For the TENTH entry (we’ve hit double digits! ahhhhhh!) in this series using only Spider-Man comics to explore the variety of romantic archetypes we find in literature (illustrating the variety of romantic experiences we find in life) it’s time to go back to those awkward, social-anxiety-filled days of high school! This celebratory tenth installment will examine one of the most universal romantic experiences which naturally leads to a wildly pervasive trope – the high school crush. Aww, those were some good (and, you know, maybe a little scarring) times. I’m sure many readers who are longtime Spider-fans would expect this post to be about Peter Parker and Liz Allen. But I think Jessica Jones is a far better fit. Trust me, read on and it’ll all make sense. Let’s take a look at Jessica Jones and Peter Parker as we reminisce about all the thrills and gut-wrenching turmoil of our high school crushes!
Jessica Jones was one of the genre-redefining characters born during my hiatus from regular comic reading. Created by Brian Michael Bendis (writer) and Michael Gaydos (artist), she first appeared in Alias #1, released in November 2001. Coincidentally enough, I spent that fall falling for another Alias – J.J. Abrams’ cliffhanger and slow-mo running loving spy show starring Jennifer Garner. At the time, I had no idea another Alias existed. Once I saw (and enjoyed!) Jessica Jones on Netflix, I kept my eyes peeled for her comics. Alias isn’t on Marvel Unlimited and I’d never seen the collected trades below $25.99 apiece (which I’ll spend but it’s a risky move without reading a single issue). But then magic struck! I found Jessica Jones: Alias Vol. 1, 3, and 4 (of four!!!) as I strolled Ollie’s Bargain Outlet last week! I tracked down Vol. 2 as well, and then…well, you know how some books are overhyped? It turns out, even after the endless praise I’ve heard about Jessica Jones as a character and Alias as a comic, it ended up being better than I imagined.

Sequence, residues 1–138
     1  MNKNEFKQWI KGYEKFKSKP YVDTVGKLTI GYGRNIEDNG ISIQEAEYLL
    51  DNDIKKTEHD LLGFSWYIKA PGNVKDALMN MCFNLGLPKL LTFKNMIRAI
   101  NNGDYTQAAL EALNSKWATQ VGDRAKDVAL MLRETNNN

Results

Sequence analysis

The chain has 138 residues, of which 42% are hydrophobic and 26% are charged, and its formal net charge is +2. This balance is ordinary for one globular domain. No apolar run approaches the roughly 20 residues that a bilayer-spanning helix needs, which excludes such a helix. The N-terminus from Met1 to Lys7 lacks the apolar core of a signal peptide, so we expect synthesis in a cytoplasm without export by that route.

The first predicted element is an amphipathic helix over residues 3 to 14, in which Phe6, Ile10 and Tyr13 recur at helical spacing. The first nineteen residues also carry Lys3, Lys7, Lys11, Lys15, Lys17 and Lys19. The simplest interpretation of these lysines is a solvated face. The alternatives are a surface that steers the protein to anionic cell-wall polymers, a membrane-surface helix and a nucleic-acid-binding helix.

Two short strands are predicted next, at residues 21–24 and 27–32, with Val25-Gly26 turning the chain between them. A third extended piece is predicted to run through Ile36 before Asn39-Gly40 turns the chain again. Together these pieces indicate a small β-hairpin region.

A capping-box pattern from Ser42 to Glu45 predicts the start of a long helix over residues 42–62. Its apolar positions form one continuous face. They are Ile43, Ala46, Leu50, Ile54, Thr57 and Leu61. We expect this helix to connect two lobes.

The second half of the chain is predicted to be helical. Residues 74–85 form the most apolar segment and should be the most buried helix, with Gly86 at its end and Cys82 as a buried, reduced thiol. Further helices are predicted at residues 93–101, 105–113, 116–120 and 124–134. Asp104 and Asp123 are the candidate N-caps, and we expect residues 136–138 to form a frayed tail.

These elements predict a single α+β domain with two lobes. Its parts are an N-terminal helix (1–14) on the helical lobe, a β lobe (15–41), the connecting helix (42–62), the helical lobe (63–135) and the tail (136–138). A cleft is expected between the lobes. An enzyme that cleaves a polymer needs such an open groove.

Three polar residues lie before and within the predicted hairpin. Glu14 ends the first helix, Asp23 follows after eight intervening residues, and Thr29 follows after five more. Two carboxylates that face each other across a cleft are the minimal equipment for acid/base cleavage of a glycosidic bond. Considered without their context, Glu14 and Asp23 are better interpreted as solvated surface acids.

To be upfront at the start, this is going to be a First World Problem lamentation. But it’s been on my mind a lot lately and two factors – the sitcom Scrubs and a recent conversation with Jeff – have led me to finally write this post. So here it is folks, we live in an age where (for those of us with the means and possibility of access) we have thousands of shows and thousands of movies available to be streamed whenever our little hearts’ desire…and I’m kind of exhausted by it all. I am. More and more I find myself missing the “old days,” when a TV show was on once a week and you either saw it, caught it in reruns, or it was forever lost to you. Sure, I missed a lot. But what I caught I caught because I loved it. Continue reading
It’s been a month and change since “the most ambitious crossover ever” hit theatres with Avengers: Infinity War so that means no one is talking/thinking about it anymore. Haha, I’m kidding…but only sort of. Honestly, where is the time for multiple viewings and full immersions when we jump from Black Panther to Avengers: Infinity War to Deadpool 2 to Solo: A Star Wars Story to Jurassic Word: Fallen Kingdom all in the space of a few months? It’s nothing but tentpole blockbuster after tentpole blockbuster, all demanding my total allegiance…for three weeks and asking nothing more from me after I buy tickets to boost the opening box office weekend. We have no time to savor anything anymore. But that’s the lamentation for another piece. This piece is going to examine the painful absence of the Defenders from Avengers: Infinity War as the 4,000,000,000th sign these characters do not, by any stretch of the imagination, live in the same universe. Continue reading